This doesn’t need to be an official thing. Indeed, nothing would be worse or more totalitarian than keeping a centralised state register of journalists’ political affiliations – that would be Orwellian in the extreme. Rather, the culture should be changed so that declaring one’s political allegiances upfront comes to be seen as a matter of honour and journalistic best practice.

Only earlier this week, a BBC television journalist named Danny Carpenter was suspended from his job for describing Theresa May’s new Conservative government as “the new Nazis” on his personal Facebook page.

The Daily Mail reports:

A BBC news presenter has been suspended for allegedly calling the Tory government ‘the new Nazis’ in an online social media rant.

BBC Look North’s Danny Carpenter reportedly accused the government of being ‘cynical, vicious, racist and xenophobic’ in a Facebook rant and has now been suspended by the corporation as they carry out an investigation.

Mr Carpenter is also said to have called for the Brexit to be ‘voted out’ by Parliament because of a ‘combination of dishonest fear-mongering and lies about the economy’.

This is clearly a partisan zealot of the highest order, someone with political beliefs even more pungent than those of this blog – and clearly very ideologically different. But just as I would never expect to be allowed to stand in front of a television camera reporting the news with a straight face, so Danny Carpenter should never have been allowed within 5 miles of a BBC studio except as a paid opinion contributor (like my star turn on the BBC Daily Politics earlier this year).

Jonah Goldberg is quite right to point out that the pretence of journalistic impartiality is a fraud which we all perpetrate on ourselves. Pretending that we are being served a conscientiously-curated stream of objective, unbiased reporting at all times lulls those of us credulous enough to believe it into a false sense of security, meaning that people do not apply their own scepticism or challenge what they are told.

And the rest of us, fully aware that what is being sold to us as objective coverage is in fact ideologically skewed, are increasingly spurning the mainstream media. More and more of us are taking refuge in new independent media sources, curated for us by algorithms and presented through social media, some of which are diligent and honourable but many of which can trap us in an ideological bubble of bias confirmation.

Goldberg concludes:

This lack of transparency benefits news organizations, but it really doesn’t fool anybody — except maybe the reporters themselves.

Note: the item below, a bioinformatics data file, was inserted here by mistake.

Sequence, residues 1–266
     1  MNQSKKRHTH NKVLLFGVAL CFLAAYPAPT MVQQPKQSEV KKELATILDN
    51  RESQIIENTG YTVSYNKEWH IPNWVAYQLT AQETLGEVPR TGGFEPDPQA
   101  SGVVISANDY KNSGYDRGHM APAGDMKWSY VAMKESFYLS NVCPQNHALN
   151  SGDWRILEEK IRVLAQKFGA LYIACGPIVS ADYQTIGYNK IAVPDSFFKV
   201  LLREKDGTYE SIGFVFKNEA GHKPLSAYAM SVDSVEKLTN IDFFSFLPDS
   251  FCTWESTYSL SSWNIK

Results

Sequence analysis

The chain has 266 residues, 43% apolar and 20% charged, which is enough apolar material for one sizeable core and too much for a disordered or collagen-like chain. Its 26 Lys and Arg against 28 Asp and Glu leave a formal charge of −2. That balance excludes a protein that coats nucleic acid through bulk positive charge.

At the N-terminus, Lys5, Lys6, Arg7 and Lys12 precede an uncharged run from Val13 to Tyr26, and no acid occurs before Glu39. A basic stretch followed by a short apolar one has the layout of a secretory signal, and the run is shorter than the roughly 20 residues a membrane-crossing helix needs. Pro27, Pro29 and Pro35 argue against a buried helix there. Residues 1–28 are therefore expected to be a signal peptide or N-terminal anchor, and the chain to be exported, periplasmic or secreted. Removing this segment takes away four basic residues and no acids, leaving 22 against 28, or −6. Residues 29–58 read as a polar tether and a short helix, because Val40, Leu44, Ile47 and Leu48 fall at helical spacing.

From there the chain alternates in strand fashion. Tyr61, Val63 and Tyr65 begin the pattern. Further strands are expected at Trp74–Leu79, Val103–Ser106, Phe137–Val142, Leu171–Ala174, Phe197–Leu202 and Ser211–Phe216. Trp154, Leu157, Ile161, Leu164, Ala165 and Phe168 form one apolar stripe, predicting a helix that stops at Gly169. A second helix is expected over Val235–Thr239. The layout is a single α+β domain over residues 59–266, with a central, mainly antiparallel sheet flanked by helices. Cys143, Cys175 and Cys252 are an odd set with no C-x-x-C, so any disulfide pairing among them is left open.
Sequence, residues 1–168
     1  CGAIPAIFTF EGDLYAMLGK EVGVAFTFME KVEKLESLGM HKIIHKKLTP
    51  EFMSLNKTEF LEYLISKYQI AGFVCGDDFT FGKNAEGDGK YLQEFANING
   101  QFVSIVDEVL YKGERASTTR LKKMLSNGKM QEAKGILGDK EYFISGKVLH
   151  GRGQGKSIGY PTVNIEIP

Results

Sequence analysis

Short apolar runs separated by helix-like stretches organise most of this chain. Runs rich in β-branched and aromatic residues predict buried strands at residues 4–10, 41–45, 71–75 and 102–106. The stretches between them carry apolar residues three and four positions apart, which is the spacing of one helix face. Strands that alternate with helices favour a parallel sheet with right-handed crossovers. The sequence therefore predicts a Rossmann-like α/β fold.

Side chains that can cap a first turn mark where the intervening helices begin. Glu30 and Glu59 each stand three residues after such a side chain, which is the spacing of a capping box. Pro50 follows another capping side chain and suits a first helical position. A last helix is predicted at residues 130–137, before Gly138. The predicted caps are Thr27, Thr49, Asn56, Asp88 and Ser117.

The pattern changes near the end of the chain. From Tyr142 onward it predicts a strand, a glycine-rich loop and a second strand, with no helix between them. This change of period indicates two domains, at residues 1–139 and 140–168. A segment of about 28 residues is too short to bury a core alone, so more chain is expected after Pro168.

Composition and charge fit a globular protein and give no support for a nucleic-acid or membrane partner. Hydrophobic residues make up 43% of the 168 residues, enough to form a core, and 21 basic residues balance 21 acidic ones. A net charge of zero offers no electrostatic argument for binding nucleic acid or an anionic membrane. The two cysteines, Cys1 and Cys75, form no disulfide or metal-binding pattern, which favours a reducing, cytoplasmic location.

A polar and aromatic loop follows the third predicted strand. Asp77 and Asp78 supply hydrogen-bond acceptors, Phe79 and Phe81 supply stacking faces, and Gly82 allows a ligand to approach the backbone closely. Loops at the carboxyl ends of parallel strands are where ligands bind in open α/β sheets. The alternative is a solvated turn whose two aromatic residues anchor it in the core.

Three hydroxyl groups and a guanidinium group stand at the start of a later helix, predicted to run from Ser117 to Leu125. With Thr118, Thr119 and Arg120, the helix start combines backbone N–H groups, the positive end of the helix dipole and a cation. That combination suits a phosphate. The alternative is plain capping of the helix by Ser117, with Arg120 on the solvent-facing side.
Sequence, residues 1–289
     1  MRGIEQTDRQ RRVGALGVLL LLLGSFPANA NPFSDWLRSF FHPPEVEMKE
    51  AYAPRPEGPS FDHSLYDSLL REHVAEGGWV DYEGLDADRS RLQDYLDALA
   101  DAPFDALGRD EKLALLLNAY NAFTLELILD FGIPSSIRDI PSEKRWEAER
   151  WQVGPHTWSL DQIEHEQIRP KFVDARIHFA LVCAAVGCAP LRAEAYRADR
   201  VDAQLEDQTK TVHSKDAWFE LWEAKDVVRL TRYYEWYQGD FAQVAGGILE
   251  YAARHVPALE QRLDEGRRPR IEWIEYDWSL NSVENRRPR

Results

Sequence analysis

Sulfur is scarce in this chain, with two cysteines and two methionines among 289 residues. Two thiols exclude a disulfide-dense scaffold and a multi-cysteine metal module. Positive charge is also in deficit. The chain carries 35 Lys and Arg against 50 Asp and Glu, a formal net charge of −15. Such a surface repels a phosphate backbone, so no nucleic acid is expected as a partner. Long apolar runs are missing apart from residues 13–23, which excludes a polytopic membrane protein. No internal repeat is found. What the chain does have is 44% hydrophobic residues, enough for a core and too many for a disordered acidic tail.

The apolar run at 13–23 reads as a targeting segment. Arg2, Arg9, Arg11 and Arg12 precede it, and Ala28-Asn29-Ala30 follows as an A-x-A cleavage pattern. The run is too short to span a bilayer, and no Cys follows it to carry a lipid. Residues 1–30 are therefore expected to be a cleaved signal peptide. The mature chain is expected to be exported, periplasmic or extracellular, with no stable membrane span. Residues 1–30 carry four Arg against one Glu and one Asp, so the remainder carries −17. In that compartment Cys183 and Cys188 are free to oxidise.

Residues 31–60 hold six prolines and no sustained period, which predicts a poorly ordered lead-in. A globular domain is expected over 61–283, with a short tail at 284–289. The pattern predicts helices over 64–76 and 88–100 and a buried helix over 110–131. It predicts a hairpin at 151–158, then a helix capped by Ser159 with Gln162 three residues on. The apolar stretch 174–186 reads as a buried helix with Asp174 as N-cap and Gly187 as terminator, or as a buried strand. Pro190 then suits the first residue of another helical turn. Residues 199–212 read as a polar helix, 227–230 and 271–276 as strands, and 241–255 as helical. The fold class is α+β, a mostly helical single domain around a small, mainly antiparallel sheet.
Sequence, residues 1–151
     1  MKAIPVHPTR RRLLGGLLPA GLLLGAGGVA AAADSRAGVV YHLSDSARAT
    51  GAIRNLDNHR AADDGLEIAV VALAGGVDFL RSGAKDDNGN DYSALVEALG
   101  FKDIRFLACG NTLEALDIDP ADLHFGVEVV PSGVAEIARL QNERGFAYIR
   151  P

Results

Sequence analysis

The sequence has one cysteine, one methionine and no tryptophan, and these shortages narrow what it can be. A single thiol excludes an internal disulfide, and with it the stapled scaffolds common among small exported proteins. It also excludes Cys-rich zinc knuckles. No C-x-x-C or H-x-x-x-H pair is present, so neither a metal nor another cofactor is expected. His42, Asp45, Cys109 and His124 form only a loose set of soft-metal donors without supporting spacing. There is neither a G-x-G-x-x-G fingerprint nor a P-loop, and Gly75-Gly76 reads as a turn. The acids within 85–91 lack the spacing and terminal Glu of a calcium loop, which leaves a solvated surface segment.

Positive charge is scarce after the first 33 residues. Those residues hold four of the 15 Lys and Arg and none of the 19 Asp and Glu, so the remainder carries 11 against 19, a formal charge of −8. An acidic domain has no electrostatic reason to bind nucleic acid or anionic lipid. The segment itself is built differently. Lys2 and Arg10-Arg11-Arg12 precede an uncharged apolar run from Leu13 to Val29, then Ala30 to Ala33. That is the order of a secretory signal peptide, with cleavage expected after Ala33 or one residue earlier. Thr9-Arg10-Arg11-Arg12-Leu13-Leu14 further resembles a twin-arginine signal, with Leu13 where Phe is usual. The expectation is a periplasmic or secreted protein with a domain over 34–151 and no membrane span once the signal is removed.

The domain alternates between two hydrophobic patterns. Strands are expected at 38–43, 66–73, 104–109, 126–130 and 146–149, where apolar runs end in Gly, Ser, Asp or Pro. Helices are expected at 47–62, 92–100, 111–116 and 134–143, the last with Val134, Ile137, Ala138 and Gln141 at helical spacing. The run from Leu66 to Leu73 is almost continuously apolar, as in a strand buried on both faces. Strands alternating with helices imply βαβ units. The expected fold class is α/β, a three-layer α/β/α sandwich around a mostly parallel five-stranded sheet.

I agree. And playing along with the deception by furiously pretending that we have an impartial media only fuels the atmosphere of distrust and resentment in our politics. Having prominent journalists declare any strong political allegiances upfront would not solve all of our problems by magic. But it certainly wouldn’t do any harm.

 

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Remainers Are Trying To Rewrite History, Claiming Media Coverage Favoured The Leave Campaign

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Yes, the BBC let the public down with their spineless, uninquisitive EU referendum coverage. But this only benefited the Remain campaign, not the Brexiteers, and to suggest otherwise is absurd

Disappointed Remain activist Hugo Dixon takes to the pages of InFacts with with a sullen litany of the many ways in which the (ahem) notoriously eurosceptic television news media supposedly hindered the pro-EU camp’s chances and aided the fact-free Brexiteers at every turn.

Dixon writes:

The BBC has rightly been criticised for its weak referendum coverage. If the broadcaster had done a better job of challenging interviewees, informing the public and making room for a variety of viewpoints, voters would have had a better chance of sifting fact from fiction. The BBC, after all, dominates our news coverage: 77% of the public use it as a news source, according to Ofcom.

The most common criticism aired against the BBC is one of phoney balance – namely that it gave equal airtime to experts and their opponents’ unsubstantiated bluster. But this is probably not the most serious charge. After all, it would not have been fair to deny the two sides of the referendum equal airtime or to keep off the air campaigners who were telling fibs or spinning fantasy.

However, what the BBC could and should have done was grill its guests more vigorously – and make more space for coverage that didn’t fit into the tired Punch-and-Judy style battle between spokespeople put up by the two official campaigns.

There is a kernel of a sensible point in here. This blog has written numerous times that sensationalist or craven news coverage which merely allows two opposing talking heads to scream at each other without any effort to arbitrate or discern truth is a pox on our journalism – whether it is infecting the US presidential election or the EU referendum in Britain.

Dixon is also admirably on-point when he criticises the media’s reliance on the sanitised, focus-group approved  media grids of the two opposing lead campaign groups, effectively suggesting to their viewers that these incompetents and nepotism beneficiaries represented the full spectrum of eurosceptic and pro-European thought:

This wasn’t the BBC’s only failing. It also allowed too much of its coverage to become a Punch-and-Judy style battle between the official campaigns. The broadcaster, of course, had to give a lot of airtime to Vote Leave and Stronger In. But it allowed its coverage to be virtually dictated by their agendas.

I know the Remain side of the story better. Stronger In had a “grid”, on which it set out what stories it wanted to push on particular days and which people it wanted to push those messages. It coordinated this grid closely with Craig Oliver, David Cameron’s director of communications. Indeed, Stronger In was effectively in Number 10’s pocket. It rarely put forward people who weren’t on message with its Project Fear strategy.